I was amused, but probably more shocked.
Look, I’m 53. I was one of those Catholic girls who started much too late, to put it in Billy Joel parlance. I can’t relate to this at all. But this isn’t about me or my 20s. It’s about now. The time we live in. The time young sexually frank women like Ilana Glazer, Abbi Jacobson, Amy Schumer and Lena Dunham are doing their thing in entertainment.
These women being unabashedly sexual feels like a reward. Or actually, these women being given the forum to authentically express their sexuality feels like a reward. I realize there is still progress needed here – to put it mildly – but attitudes are changing. Meanwhile, rape on college campuses continues to be a problem, in many cases because institutions are trying to make it go away instead of dealing with it. Two worlds colliding – stunning progress and backward thinking. Bam.
We – as in forward-thinking women a.k.a. feminists — feel powerful one minute, helpless the next. It’s all part of the sea change that has to happen.
I got an overwhelming sense of our attitude shift when I watched Monica Lewinsky’s recent TED talk. She gives us a fuller picture of the person behind the beret. She tells us she has a soul. She fell in love with her married, leader-of-the-free-world boss, trusted a friend, and it all blew up in her face. She became the butt of jokes, was raked over the coals by Ken Starr, and was written into a crazy number of hip hop songs. She knows she made a mistake.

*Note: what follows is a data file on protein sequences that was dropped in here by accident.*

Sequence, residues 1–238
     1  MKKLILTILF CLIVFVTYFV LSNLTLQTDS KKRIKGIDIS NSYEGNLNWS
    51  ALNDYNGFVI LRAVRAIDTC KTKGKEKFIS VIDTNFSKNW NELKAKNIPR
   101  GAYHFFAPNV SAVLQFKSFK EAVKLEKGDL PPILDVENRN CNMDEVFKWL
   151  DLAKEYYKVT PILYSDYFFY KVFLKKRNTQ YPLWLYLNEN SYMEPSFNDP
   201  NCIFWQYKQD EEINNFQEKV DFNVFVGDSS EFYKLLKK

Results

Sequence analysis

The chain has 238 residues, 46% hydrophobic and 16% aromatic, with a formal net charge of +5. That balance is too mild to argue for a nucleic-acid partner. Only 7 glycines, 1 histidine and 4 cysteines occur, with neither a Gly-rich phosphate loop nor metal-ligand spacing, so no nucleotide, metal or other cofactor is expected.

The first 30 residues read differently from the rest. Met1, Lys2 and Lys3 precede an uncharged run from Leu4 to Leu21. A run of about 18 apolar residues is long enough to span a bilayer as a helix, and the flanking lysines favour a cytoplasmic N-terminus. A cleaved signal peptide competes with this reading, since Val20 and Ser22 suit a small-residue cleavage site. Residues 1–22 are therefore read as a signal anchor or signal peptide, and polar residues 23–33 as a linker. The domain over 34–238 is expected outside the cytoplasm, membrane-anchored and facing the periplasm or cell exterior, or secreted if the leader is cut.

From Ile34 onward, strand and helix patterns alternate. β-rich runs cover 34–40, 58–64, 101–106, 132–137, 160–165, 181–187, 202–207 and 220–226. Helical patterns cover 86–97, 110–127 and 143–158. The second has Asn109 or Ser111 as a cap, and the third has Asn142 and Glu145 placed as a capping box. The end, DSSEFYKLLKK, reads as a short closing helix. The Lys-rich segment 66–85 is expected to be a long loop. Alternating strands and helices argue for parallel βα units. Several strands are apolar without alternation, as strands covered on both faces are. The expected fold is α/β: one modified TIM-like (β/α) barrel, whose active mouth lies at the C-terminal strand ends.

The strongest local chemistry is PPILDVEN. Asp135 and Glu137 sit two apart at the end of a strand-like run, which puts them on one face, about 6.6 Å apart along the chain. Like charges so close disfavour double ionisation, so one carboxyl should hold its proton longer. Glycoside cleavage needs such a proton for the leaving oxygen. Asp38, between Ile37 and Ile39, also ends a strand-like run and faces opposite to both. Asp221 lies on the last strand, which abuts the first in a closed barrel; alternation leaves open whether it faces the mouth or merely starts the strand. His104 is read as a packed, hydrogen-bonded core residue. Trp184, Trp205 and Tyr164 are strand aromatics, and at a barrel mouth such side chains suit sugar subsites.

This more mature Lewinsky has spurred expressions of regret from feminists who vilified her back in the 1990s. Perhaps we were a little too caught up in her not taking down the closest thing we’ve ever had to a leader who gets it when it comes to women’s causes. We were ticked at him, but we shamed her Hester Prynne style.
Our sexuality, from love-struck to recreational to everything in between, has become more individual. At the recent Met Gala at the Metropolitan Museum of Art, we saw near naked dresses on Beyonce, Jennifer Lopez and Kim Kardashian and they provided much fodder on social media. Bold or inappropriate? I saw a myriad of answers to the question. That, right there, is where we are on so much, gliding back and forth between those mindsets. As women, as individuals, we are setting the tone and the bar for ourselves.
In a recent article in New York magazine, Broad City’s Glazer shares that her favorite fan encounter was a woman in her 50s because it’s not the show’s demo.
“… [T]here’s something that feels good about reaching someone that doesn’t look like you,” she tells writer Jada Yuan in the interview.
Glazer nails something even bigger here. Generational cross-over is central to our continued progress. With all of the dire things happening to females globally, it’s easy for thinking people to lose sight that here in the United States we have made markedly better lives for girls in each passing generation. There’s no stopping us.
Bold or inappropriate?
That’s our question. And blessedly we are not of one mind. The answers are too numerous to count.